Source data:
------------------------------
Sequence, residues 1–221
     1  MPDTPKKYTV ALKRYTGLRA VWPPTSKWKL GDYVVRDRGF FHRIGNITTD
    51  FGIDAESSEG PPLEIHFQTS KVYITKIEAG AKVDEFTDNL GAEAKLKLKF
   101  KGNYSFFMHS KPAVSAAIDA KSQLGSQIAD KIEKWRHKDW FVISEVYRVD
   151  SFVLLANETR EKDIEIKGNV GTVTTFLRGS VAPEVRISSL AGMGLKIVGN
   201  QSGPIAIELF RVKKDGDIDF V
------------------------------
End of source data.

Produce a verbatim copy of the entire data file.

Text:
Sequence, residues 1–221
     1  MPDTPKKYTV ALKRYTGLRA VWPPTSKWKL GDYVVRDRGF FHRIGNITTD
    51  FGIDAESSEG PPLEIHFQTS KVYITKIEAG AKVDEFTDNL GAEAKLKLKF
   101  KGNYSFFMHS KPAVSAAIDA KSQLGSQIAD KIEKWRHKDW FVISEVYRVD
   151  SFVLLANETR EKDIEIKGNV GTVTTFLRGS VAPEVRISSL AGMGLKIVGN
   201  QSGPIAIELF RVKKDGDIDF V